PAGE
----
A hidden gem I have fallen in love with.
It is great being in nature alone from other human beings. Despite living in Colchester for years I have only recently discovered a hidden gem of a place called Cymbeline Meadows, purchased, created and maintained by the Colchester Borough Council since 1988. Most people miss this place, but this is great for me, as I can wander around in nature, thinking and creating without being disturbed by lots of human beings.
What a great place: with a pleasant river running through it; fields of happy cows; well maintained paths, with numerous picnic tables and seats; a wood planted in 1992 that transports you away via magical tunnels of verdant green with carpets of green lush grass. Even the rabbits love this place on a hot day, splayed out on their fronts enjoying the sun.
Cymbeline Meadows is a place of history. Crop markings and a small Roman fort indicates a major archaeological mystery awaits discovery beneath the ground. The limited archaeological investigation indicates a strong bronze age presence. Interestingly there is hardly any bronze age finds on the Colchester side of the Colne River but in Cymbeline Meadows onwards it is everywhere.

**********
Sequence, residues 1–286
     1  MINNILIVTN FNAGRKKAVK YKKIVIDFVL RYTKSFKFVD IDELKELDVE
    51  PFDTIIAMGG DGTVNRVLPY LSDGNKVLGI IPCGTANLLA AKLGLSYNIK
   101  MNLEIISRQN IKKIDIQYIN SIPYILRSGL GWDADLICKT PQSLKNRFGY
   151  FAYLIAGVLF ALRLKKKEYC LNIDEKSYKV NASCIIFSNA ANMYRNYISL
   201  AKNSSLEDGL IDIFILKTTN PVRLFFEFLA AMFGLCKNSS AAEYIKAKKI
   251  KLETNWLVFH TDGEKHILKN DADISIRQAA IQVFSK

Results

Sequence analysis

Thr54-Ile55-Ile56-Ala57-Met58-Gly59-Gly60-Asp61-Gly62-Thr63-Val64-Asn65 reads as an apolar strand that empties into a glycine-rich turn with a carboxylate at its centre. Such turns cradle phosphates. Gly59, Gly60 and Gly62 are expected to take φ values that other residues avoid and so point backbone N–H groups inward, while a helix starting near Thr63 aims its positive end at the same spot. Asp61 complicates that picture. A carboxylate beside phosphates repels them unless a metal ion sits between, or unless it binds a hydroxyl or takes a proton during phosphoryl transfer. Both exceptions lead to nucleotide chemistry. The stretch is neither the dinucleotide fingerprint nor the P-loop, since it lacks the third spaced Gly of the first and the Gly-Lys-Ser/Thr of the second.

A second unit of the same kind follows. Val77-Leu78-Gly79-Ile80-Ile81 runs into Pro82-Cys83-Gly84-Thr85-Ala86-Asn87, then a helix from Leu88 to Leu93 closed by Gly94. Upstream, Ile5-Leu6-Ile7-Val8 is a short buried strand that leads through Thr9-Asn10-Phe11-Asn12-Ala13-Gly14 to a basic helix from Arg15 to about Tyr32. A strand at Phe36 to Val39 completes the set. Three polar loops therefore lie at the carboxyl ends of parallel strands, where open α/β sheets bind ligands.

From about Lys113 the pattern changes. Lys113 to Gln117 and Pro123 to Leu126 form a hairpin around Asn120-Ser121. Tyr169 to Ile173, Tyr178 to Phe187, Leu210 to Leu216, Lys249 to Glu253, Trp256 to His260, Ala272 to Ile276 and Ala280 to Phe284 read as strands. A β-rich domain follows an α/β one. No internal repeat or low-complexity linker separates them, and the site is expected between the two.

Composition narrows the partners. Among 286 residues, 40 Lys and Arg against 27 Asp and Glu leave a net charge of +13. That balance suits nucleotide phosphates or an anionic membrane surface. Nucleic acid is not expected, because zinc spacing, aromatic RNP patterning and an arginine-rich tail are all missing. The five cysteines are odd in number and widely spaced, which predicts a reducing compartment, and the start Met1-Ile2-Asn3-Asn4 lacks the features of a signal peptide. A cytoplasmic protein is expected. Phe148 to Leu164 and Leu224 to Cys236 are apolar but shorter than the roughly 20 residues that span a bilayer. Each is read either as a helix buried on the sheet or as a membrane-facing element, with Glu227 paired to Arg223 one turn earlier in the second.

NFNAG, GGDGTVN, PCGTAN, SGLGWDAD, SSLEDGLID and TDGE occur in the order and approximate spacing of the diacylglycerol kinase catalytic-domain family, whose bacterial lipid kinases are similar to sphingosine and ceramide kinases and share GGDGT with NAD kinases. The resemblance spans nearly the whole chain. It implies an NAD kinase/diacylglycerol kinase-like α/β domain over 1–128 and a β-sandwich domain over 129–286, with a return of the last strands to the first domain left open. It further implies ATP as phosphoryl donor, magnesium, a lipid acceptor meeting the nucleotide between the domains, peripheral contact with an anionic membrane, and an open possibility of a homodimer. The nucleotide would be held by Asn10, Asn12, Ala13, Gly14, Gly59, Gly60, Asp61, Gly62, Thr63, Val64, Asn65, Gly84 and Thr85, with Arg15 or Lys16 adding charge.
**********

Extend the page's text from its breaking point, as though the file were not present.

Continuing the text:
Part of the vast Iron Age defensive network of Colchester runs through Cymbeline Meadows towards the mysterious Iron Age hillfort and wood of Pitchbury. The Pitchbury wood is another gem, a privately owned wood with its hidden springs and a theatre-like circle of oak trees an ancient druid would probably die for. I have a dream of buying Pitchbury. For a farm and the placing of dozens of beehives Cymbeline Meadows and Pitchbury would be a dream.